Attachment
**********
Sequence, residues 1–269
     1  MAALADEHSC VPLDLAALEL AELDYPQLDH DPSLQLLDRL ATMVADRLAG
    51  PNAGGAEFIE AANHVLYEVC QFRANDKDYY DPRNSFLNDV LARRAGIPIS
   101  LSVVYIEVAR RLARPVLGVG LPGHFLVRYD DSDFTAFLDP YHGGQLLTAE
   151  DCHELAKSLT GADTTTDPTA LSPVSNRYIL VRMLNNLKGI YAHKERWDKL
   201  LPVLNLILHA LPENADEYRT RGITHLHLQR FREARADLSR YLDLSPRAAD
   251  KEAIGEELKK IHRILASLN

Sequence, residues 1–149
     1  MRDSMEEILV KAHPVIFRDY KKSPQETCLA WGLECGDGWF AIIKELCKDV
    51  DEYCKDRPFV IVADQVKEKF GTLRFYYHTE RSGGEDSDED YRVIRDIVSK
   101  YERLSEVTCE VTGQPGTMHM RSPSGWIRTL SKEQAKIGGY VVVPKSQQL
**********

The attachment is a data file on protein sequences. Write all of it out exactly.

Sequence, residues 1–269
     1  MAALADEHSC VPLDLAALEL AELDYPQLDH DPSLQLLDRL ATMVADRLAG
    51  PNAGGAEFIE AANHVLYEVC QFRANDKDYY DPRNSFLNDV LARRAGIPIS
   101  LSVVYIEVAR RLARPVLGVG LPGHFLVRYD DSDFTAFLDP YHGGQLLTAE
   151  DCHELAKSLT GADTTTDPTA LSPVSNRYIL VRMLNNLKGI YAHKERWDKL
   201  LPVLNLILHA LPENADEYRT RGITHLHLQR FREARADLSR YLDLSPRAAD
   251  KEAIGEELKK IHRILASLN

Sequence, residues 1–149
     1  MRDSMEEILV KAHPVIFRDY KKSPQETCLA WGLECGDGWF AIIKELCKDV
    51  DEYCKDRPFV IVADQVKEKF GTLRFYYHTE RSGGEDSDED YRVIRDIVSK
   101  YERLSEVTCE VTGQPGTMHM RSPSGWIRTL SKEQAKIGGY VVVPKSQQL